Axie Infinity Maker Reminds Players to Pay Taxes
Axie Infinity, the gigantically popular play-to-earn game in the style of Pokemon, is helping gamers supplement their incomes and even make a living. Now the maker of the game and regulators are reminding users internet money will not free them from the tax man. That seems to be the message behind a tweet from Sky …
By: Brady DaleByte
Axie Infinity, the gigantically popular play-to-earn game in the style of Pokemon, is helping gamers supplement their incomes and even make a living. Now the maker of the game and regulators are reminding users internet money will not free them from the tax man.
That seems to be the message behind a tweet from Sky Mavis, the company that makes the Axie universe, in which it wrote, “Sky Mavis encourages Axie community members to abide by the laws of their home countries.”
The comment was posted shortly after a report in the Manila Bulletin was published saying that earnings on play-to-earn games are subject to taxation.
Axie Infinity is a giant success story for Ethereum. It recently hit an inflection point, where the platform is earning even more revenue than Ethereum itself. The platform brought in almost $360 million in the last 30 days. The economy it spawned is so lucrative that many early adopters now make their living loaning their Axie Infinity characters to others and splitting the earnings.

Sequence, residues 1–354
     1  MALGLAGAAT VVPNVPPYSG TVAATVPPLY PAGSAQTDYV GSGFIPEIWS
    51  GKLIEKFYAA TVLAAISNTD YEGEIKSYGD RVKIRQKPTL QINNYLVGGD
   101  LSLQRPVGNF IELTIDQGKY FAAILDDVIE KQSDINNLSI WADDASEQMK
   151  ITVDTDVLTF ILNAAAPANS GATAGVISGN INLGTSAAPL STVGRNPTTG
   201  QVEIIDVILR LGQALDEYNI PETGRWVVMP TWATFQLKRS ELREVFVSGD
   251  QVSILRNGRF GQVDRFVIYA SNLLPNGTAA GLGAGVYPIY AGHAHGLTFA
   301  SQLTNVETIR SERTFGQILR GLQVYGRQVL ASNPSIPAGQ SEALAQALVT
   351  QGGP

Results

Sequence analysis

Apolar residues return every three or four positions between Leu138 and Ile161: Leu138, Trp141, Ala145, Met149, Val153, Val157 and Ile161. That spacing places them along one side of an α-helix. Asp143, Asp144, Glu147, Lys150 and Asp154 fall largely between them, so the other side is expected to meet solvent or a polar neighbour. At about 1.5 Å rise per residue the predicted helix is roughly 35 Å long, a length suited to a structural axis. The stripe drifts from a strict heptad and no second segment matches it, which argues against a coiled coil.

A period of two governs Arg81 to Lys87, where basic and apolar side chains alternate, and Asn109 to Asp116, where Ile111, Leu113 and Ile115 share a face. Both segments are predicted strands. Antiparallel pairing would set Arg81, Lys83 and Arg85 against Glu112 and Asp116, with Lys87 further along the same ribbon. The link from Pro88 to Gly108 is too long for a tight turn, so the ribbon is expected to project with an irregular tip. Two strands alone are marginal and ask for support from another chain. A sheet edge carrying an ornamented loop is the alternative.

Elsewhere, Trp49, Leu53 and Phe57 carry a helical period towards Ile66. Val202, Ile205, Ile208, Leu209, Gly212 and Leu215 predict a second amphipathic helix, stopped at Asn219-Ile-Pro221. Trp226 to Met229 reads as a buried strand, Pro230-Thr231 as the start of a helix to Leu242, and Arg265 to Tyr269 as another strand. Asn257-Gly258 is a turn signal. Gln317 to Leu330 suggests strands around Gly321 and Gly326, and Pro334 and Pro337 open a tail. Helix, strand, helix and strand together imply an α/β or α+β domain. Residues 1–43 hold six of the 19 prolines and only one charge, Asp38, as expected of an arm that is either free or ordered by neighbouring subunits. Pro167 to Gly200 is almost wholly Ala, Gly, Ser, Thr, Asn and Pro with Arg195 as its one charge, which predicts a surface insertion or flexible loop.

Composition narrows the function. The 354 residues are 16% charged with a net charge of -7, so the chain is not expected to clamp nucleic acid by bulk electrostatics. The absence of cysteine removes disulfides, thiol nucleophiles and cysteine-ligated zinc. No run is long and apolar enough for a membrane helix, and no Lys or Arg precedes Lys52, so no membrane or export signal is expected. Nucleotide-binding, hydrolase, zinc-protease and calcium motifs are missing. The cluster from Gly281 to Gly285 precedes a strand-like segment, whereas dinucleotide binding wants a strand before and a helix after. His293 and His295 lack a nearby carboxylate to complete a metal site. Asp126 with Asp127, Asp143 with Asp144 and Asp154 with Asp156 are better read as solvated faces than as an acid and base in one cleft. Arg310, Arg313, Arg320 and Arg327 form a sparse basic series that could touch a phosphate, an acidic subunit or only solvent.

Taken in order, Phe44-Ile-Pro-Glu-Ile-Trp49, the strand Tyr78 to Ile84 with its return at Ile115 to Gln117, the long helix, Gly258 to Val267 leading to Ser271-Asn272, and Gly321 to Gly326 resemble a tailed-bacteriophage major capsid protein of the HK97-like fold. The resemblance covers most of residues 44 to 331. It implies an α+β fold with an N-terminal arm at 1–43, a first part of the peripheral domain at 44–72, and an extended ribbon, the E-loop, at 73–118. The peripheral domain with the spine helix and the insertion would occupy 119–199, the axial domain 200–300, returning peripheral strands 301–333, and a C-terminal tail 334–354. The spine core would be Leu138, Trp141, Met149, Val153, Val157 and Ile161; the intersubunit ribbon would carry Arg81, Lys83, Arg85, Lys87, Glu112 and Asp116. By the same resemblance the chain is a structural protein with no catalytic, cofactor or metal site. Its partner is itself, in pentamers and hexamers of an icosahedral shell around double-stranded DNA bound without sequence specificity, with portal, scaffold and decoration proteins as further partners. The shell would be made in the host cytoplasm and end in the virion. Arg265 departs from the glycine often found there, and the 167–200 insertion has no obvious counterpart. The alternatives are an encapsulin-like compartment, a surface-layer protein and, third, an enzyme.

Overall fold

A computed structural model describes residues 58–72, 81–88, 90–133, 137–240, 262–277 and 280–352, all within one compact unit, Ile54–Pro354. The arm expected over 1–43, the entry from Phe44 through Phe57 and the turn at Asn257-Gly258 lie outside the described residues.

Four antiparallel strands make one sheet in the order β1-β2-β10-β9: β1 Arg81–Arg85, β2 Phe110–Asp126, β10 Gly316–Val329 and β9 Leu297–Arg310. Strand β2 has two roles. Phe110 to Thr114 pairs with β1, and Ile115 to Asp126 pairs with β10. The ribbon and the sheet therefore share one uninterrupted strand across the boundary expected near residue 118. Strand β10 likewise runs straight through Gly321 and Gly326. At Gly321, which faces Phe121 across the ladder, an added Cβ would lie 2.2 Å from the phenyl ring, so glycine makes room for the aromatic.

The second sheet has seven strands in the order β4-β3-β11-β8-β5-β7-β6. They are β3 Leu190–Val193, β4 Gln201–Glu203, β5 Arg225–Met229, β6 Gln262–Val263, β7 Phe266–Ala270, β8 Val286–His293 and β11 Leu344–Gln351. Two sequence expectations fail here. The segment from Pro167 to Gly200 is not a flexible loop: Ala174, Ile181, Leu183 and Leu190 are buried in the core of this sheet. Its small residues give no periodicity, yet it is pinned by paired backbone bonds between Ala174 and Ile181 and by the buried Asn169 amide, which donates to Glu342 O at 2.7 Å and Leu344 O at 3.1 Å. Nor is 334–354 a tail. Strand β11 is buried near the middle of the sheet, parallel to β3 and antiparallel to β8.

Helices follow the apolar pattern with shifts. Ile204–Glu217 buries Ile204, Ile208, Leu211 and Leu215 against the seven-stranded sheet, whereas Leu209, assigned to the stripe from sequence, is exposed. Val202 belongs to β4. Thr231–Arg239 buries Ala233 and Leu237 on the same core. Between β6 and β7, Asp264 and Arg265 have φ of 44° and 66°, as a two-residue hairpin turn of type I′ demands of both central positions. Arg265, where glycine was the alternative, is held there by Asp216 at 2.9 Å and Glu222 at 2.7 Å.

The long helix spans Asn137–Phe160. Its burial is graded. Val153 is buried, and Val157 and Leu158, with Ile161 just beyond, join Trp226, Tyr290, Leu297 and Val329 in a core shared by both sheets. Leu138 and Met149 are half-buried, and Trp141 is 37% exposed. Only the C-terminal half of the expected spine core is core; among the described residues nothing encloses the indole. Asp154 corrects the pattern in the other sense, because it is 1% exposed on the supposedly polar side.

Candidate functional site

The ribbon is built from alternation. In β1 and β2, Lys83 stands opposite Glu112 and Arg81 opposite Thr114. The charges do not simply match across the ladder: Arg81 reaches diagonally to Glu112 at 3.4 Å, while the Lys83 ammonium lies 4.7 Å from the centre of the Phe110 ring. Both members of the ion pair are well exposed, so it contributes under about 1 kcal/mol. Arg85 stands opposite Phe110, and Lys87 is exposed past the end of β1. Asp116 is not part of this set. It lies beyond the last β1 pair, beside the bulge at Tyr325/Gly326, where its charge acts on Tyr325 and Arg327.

It’s been reported that those earnings are enough for players in the developing world to earn a decent living, but apparently at least one government wants to make sure the state gets its share.
It’s a very down-to-earth issue for an economy many people jokingly refer to as enabled by “space money.”
Leah Callon-Butler is a consultant in the crypto industry who has been documenting the rise of play-to-earn in the Philippines. She told The Defiant that it would be inaccurate to view the announcement as one specifically targeting crypto.
The Philippines’ Bureau of Internal Revenue (BIR), she said, is aware that many of its citizens are using the internet for income, and it is seeking to remind them that such revenue is still subject to taxation.
“It’s actually part of a much broader thing,” Callon-Butler said via Telegram. “They are going after anyone who’s earning online, mainly TikTok, YouTube influencers etc.”
The Sky Mavis team did not immediately respond to a request for comment from The Defiant.